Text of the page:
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I've led a double life for the past 20 years. When I'm not chasing down deals or reporting on personal finance for Reuters, I produce and engineer albums, work as a studio musician, and co-own Kingsize Sound Labs in Chicago. Music is my passion, and with all the hours I've logged behind the mixing board, I've learned a thing or two about audio. While my personal favorite studio monitors are Mackie HR824s (which cost me about $900 a pair when I bought them a decade back), you don't have to shell out that kind of coin to get great-sounding gear nowadays. Here's a list of my top five favorite studio essentials that won't shatter your wallet.
X-Mini MAX II Capsule Speakers ($21.99 with free shipping, a low by $2)
Don't let the cute egg shape of these portable speakers fool you. Once you hook them up to your laptop or MP3 player, the X-Mini MAX IIs deliver impressive sound considering their price and size. Their innovative design allows users to extend their hidden, accordion-like speakers for better low-end response. CNET also raves that these are an "excellent option for anyone looking for an ultraportable speaker" because they offers "great sound quality at a very reasonable price." What's more, these speakers also scored as the highest-rated portable speakers at TopTen Reviews.com.
Sennheiser HD202 Headphones, 5-Pack ($89 with $12.40 s&h, a low by $34)
At Kingsize Sound Labs, no headphones come close to our HD202s, and we own dozens of different brands and models. There's got to be some magic in these 'phones, which deliver 18Hz to 18KHz frequency range and hold up well at high volume levels. Broadcast Supply Worldwide's deal on these, which they've been doing for years now, is a doorbuster: You can snag five pair for about $20 each. Keep a few for yourself and give out the rest as holiday presents. While not as ultra-durable as some pro models, the HD202s are comfy to wear and the sound quality is sparkling.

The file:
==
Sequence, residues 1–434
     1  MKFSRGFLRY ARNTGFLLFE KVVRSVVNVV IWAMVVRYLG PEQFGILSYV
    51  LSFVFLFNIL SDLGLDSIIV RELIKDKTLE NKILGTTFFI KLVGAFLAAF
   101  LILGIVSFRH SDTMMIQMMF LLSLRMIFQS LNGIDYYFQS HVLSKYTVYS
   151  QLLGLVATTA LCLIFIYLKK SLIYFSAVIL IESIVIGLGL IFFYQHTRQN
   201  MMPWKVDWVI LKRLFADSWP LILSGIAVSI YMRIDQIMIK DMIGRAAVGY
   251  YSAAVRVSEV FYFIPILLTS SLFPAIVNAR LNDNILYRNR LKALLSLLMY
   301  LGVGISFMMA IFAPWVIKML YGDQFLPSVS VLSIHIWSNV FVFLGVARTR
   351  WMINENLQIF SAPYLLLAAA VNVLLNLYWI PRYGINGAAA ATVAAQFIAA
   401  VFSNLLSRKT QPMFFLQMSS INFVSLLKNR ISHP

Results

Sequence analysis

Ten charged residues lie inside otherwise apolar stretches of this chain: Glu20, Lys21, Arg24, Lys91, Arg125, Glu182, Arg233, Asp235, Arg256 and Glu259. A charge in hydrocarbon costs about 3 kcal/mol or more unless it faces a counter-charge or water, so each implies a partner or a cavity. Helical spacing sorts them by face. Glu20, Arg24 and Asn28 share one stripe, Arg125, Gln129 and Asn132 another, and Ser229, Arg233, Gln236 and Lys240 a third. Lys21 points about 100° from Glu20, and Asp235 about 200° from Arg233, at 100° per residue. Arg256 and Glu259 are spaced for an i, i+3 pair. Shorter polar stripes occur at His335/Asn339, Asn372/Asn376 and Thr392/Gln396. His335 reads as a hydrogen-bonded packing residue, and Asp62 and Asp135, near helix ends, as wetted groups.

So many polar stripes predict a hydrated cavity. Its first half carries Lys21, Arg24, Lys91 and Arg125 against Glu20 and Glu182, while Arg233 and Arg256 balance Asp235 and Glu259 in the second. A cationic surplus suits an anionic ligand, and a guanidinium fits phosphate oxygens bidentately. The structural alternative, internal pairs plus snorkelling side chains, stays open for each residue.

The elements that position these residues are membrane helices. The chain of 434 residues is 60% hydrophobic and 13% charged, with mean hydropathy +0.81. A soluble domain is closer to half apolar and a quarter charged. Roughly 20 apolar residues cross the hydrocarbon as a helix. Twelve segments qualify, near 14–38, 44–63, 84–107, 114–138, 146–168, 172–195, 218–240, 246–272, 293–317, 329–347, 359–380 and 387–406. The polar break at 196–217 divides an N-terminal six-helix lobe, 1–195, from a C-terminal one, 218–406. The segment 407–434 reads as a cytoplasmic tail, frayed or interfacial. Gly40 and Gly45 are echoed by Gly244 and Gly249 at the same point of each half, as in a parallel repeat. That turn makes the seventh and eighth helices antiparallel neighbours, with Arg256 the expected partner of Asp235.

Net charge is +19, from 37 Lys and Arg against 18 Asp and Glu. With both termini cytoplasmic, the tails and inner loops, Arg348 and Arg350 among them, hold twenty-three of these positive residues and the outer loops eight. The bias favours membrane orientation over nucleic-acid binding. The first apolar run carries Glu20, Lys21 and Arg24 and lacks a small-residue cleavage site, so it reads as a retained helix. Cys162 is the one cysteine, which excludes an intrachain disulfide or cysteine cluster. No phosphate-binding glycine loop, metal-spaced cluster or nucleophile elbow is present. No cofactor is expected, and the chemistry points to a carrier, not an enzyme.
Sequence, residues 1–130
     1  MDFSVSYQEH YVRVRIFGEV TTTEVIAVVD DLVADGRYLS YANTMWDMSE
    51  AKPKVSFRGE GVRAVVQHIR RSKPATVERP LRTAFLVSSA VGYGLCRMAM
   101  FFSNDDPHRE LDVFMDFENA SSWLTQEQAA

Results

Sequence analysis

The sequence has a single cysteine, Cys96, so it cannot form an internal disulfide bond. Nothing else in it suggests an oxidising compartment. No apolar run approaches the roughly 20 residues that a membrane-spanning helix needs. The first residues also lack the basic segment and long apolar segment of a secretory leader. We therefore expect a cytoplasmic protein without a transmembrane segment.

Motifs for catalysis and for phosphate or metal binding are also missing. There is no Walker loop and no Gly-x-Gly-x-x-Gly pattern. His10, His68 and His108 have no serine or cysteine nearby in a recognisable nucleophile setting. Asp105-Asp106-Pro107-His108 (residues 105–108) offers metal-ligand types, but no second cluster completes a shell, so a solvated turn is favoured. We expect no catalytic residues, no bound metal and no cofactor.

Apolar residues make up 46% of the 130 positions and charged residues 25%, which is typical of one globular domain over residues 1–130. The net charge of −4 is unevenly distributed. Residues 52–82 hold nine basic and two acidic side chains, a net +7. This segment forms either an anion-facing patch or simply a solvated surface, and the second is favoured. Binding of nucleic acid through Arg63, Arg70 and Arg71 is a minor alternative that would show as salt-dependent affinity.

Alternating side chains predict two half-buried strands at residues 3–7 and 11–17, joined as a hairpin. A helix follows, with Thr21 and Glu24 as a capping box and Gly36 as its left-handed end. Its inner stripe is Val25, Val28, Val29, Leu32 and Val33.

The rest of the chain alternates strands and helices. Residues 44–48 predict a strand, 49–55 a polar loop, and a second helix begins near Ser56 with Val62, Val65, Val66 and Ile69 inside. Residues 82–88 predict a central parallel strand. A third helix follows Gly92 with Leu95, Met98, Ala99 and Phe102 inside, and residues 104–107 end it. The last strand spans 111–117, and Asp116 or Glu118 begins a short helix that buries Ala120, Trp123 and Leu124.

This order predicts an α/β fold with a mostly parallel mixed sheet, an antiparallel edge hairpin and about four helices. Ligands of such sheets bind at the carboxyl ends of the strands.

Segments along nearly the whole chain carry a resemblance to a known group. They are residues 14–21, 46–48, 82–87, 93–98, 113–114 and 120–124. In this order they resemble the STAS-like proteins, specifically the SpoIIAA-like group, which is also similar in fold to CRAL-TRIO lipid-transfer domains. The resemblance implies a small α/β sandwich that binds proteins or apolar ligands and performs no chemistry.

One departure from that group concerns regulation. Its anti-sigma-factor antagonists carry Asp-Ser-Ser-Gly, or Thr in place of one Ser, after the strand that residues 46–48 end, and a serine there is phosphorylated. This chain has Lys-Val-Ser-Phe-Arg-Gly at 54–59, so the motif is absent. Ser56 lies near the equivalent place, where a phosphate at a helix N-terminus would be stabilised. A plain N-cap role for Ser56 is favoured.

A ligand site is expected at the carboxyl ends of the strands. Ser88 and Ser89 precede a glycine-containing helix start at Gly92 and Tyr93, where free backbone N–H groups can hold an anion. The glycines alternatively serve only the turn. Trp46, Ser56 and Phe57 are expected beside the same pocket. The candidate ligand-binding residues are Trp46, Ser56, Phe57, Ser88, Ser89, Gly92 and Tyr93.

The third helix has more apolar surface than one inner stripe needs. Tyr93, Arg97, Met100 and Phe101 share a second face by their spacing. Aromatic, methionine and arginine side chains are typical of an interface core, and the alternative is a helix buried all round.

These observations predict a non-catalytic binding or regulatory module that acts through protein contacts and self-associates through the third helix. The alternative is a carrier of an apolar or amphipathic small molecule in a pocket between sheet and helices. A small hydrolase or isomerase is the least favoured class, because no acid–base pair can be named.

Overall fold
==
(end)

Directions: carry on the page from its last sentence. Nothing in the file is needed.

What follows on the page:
Shure SM57 Microphone ($99 with free shipping)
Never has a mic so indestructible sounded so good, and cost so little. Every recording studio worth its salt owns at least a few Shure SM57s: you can literally roll over one with a van and it will still work. Touring rock stars and weekend warriors alike use this mic for vocals. And you can even hook an SM57 up to your computer with a XLR-USB converter. For an affordable converter option, consider the Blue Icicle USB Microphone Interface ($39.43 with free shipping, a low by $1).
Bowers & Wilkins Zeppelin Air ($599 with free shipping)
I've seen and tested quite a few speaker systems for iPods; most of them sound cheesy or look like repurposed bread boxes. The Bowers & Wilkins Zeppelin Air may cost more than its competitors, but nothing I've come across looks so sleek and sounds so sharp. It advances on the original Zeppelin by utilizing Apple's AirPlay technology, which lets you connect to any WiFi enabled device that uses iTunes so that you can play music from almost anywhere. The Zeppelin Air comes with two 1" tweeters, two 3" midrange woofers, an internal 5" subwoofer with rear-firing ports. And yes, it packs plenty of eye appeal with that fabulous oval shape.
Schylling Voice Changer ($12.99 with free shipping, a low by $5)
This gadget isn't quite high-end audio, but who says sound has to be so serious? I first picked up one of these megaphones-on-steroids at the end of a business trip and I meant to give it to my kids, but I loved it so much that I kept it for myself! The multiple switches on the side allow you to bend and twist your voice until you sound like a robot, an alien, a cartoon character, or an innocent bystander trapped in a time warp. Call the family to the dinner table with this thing and I promise that you'll get their attention.
Front page photo credit: eHow